Paul Antonopoulos, independent geopolitical analyst
In an interview with 1in.am, Armenian Prime Minister Nikol Pashinyan assessed the results of the recent war in Nagorno-Karabakh. He questioned the capabilities of Russian-made weapons, and according to him, Iskander ballistic missiles exploded with only a 10% success rate.
The Armenian Ministry of Defense declined to comment on the Prime Minister's ambiguous statement about the success of the Iskander system during last year’s 44-day war between Armenia and Azerbaijan over Nagorno-Karabakh. However, after his statements, Pashinyan’s comments were quickly mocked by Russian media and military experts. Viktor Zavarzin, Deputy Chairman of the Russian State Duma Committee on Defense, called Pashinyan's statement an absolute lie, while one of the designers of the Iskander missile, Vladimir Kovalev, urged the Armenian Prime Minister to end his ignorance as soon as possible. In fact, Armenia’s first Prime Minister after the country’s independence from the Soviet Union, Vazgen Manukyan, said “you have to either be an idiot or an enemy to make such a statement about the Iskander missile system,” and Deputy Chief of the Armenian General Staff, Tiran Khachatryan, laughed when he was asked about Pashinyan’s statements about the Russian-made weapons.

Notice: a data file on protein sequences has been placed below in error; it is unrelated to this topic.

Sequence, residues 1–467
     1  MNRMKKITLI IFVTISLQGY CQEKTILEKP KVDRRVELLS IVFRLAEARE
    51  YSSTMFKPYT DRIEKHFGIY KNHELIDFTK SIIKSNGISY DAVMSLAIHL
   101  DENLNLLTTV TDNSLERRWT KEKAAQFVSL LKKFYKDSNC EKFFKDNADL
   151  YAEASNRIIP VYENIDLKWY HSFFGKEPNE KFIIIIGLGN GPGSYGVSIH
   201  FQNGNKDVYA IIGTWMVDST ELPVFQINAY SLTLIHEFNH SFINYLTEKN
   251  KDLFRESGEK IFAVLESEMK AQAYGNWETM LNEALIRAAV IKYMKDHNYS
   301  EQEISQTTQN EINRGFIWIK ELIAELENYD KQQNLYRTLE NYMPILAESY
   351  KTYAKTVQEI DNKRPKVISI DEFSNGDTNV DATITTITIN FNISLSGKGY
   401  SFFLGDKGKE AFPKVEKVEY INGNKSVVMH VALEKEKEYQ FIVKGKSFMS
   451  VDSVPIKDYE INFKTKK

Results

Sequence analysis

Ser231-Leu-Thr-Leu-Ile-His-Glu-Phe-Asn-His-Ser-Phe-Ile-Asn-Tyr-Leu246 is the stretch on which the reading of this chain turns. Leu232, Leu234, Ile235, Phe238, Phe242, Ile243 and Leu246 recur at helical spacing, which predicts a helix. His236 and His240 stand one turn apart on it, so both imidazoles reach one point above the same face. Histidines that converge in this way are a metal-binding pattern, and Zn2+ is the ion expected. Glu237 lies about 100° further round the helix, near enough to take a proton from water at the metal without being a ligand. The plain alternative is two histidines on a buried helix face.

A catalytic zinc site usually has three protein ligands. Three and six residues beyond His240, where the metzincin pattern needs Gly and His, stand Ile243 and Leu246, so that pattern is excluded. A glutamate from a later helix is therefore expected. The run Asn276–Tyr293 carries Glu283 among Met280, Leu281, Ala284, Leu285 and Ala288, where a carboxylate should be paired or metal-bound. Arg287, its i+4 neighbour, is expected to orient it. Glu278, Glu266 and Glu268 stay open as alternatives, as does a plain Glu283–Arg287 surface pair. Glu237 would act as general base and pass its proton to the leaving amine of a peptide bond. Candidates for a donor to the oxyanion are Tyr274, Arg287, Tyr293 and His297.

In the end, Pashinyan backtracked on his Iskander comments, with his Press Secretary Mane Gevorgyan saying “The Prime Minister was not properly informed about the situation with the Iskander.” This was followed by the Kremlin expressing satisfaction with Gevorgyan’s statement and a conversation between Pashinyan and Russian President Vladimir Putin. Kremlin spokesperson Dmitry Peskov said that the Armenian Prime Minister was misinformed about the Iskander missiles.
It is highly unlikely that Pashinyan was misinformed, despite Russia’s reconciliatory statement. The Iskander missile system is designed to eliminate army bases, command and control units, missile complexes, fighter jets and helicopters. The main advantages of the system are strategic mobility, hidden on-call and missile launch capabilities, automatic task calculation and entry, and radio-electronic response conditions.
Yet, despite these impressive specs, the Iskander system was only used a total of three times during the war, and according to Armenian journalist Tatul Hakobyan, citing a high-ranking military source, Iskander missiles were “fired towards a completely pointless direction, at a time when the outcome of the war was decided, the outcome of Shushi was also decided.”
Although Pashinyan continually stressed that last year’s war was a “battle for survival,” he never fully engaged in the war effort as he did not mobilize 200,000 reservists. In fact, although government and military officials were calling for diaspora Armenians to fight in Artsakh, most volunteers were only put on a list and never transported to Armenia. Hovik Kasapian, a leading member of the Armenian National Committee of Greece, also said that many ethnic Greeks had volunteered to fight in Artsakh but were rejected because Armenia did not want to put Athens in an awkward diplomatic situation.